Increased exposure to spermatozoa, which alkalizes the vagina, may raise BV risk. During intercourse, a condom may help protect vaginal flora. Similarly, dental dams and finger cots during intercourse may help avoid bacterial contamination.
Consult With Your Gynecologist or Obstetrician
Consult with your gynecologist or obstetrician when your symptoms become severe, or they go untreated with natural remedies. You can maintain a healthy vagina with regular examinations.
Should You Be Worried About Your Vaginal pH?
Vaginal pH is slightly more acidic than the rest of the body and must remain so to be "healthy." Because acidity defends against dangerous bacteria, yeast, and illnesses, so, sure, your vaginal pH matters.
While your period, medications, intercourse, harsh soaps, reduced estrogen levels, and douching can all change your vaginal pH, these symptoms don't always imply an off-pH level. If you have reoccurring infections, UTIs, or pain, you should see your doctor, who may prescribe probiotics, over-the-counter vaginal gels or creams, or prescription-strength products.
The good news is that most women don't need to think about their vaginal pH. It is self-cleaning and may quickly restore its pH. Vaginal pH is usually fine if you don't have infections or pain.
How to Maintain Your Vaginal Ph Balance?
You may make simple efforts to sustain a good pH level in the vaginal fluid and avoid infections.
When Having Sex, Use Condoms
The penis, like the vagina, is home to its bacteria. If such bacteria come into touch with the vaginal environment during unprotected intercourse, they might cause illnesses in your body. Using a condom helps keep bacteria or other germs found on the surface of the penis isolated from the rest of the vaginal region.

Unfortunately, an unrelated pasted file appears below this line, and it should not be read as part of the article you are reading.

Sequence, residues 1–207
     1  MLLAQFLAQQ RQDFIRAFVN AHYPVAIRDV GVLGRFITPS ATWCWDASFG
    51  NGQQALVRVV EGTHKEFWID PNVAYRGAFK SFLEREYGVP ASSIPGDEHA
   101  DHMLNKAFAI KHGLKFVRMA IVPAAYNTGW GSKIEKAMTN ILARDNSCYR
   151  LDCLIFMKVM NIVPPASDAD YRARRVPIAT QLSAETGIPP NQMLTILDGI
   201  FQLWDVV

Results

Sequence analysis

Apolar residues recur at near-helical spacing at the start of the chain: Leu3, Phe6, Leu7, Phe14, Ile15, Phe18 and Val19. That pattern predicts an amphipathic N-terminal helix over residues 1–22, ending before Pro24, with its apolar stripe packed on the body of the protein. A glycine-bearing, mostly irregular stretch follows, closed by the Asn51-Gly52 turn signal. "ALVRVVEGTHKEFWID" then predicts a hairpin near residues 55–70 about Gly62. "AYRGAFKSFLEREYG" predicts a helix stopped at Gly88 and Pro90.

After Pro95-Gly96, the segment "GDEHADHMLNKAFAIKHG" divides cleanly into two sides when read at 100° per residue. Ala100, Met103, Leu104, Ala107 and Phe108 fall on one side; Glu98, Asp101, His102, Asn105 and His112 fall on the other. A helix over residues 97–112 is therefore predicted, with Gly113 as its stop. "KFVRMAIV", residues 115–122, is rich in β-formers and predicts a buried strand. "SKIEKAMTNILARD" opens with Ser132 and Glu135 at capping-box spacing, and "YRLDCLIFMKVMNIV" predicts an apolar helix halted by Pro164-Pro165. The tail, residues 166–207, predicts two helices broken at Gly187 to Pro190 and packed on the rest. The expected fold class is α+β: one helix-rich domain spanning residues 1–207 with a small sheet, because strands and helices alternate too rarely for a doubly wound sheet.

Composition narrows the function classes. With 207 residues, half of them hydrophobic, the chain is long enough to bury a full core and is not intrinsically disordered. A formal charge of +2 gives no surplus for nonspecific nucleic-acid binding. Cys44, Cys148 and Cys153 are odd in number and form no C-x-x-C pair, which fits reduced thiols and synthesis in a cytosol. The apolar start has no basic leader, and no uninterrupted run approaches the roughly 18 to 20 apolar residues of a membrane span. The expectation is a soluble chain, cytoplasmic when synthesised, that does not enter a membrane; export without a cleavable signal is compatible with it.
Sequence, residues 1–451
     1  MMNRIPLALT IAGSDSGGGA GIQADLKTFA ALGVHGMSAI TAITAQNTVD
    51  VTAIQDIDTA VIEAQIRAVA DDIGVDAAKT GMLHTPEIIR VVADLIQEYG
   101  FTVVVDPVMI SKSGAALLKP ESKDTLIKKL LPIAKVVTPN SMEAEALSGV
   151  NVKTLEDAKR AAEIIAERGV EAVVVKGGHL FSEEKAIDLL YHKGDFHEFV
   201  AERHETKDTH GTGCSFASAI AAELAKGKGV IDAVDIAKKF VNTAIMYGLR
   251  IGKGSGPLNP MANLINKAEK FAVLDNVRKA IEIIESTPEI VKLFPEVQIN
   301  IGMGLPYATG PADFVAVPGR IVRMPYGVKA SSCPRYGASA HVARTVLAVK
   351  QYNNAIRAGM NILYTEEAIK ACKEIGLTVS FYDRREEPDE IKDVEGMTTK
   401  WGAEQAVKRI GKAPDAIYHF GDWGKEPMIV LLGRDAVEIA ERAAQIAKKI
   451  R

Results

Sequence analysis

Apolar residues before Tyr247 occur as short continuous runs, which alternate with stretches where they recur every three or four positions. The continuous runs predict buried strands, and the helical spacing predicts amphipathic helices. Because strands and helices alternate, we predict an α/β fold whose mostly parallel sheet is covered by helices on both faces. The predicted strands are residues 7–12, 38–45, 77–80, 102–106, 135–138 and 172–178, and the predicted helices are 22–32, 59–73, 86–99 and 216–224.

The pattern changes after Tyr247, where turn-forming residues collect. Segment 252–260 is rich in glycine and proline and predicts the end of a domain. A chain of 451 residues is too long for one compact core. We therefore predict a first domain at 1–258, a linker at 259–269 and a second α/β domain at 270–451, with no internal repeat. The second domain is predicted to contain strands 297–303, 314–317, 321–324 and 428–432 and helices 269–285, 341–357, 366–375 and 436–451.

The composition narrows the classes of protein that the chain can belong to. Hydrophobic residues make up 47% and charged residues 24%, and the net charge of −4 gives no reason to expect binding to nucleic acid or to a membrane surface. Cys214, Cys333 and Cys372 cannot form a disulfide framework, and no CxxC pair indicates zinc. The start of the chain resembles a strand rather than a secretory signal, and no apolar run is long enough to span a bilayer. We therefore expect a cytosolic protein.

Do Not Use Douching
Instead, use soap and water to clean the region surrounding your vaginal opening. Despite antibiotics helping you stop vaginal yeast infections and other infections by killing bacteria in your body, they can affect vaginal ph. If your vaginal flora gets destroyed, you may end up with an imbalance in your pH.
Vaginal self-cleaning is a fact of life. Use a light soap and water to clean the exterior of your genitals when you shower. Ask your OB-GYN for guidance if you're concerned about odor.
Make a Change in Your Dietary Habits
Many varieties of yogurt have high concentrations of bacteria that normally colonize your vaginal tract. Keeping sugary, processed items such as white bread and rice out of your diet will help you avoid yeast infections and maintain good vaginal health.
Dress in Appropriate Attire
Tight clothes can restrict airflow to your vagina, increasing the risk of developing vaginitis. Underwear made of cotton, jeans that are a little looser fitting, and tights having a cotton patch over the vaginal area are all good choices.
Change Pads and Tampons Frequently
Being in touch with blood during menstruation elevates your vagina's pH level to 7.4. Vaginal acidity drops if menstrual blood remains on a pad or tampon against the vagina for a lengthy period.
Have Some Yogurt
Lactobacillus, a helpful bacterium, is found in abundance in yogurt, making it an excellent source of vitamin D and Calcium.
Maintaining a healthy vaginal pH can help avoid infections and complications. Doctors rarely utilize vaginal pH to identify medical disorders like yeast infections or menopause. But vaginal pH testing can help confirm a diagnosis.
Fortunately, there are natural ways to restore vaginal pH balance. Take boric acid, probiotics, or garlic supplements, and avoid douches and scented feminine hygiene products. Visit your gynecologist if your symptoms worsen or do not improve with natural remedies.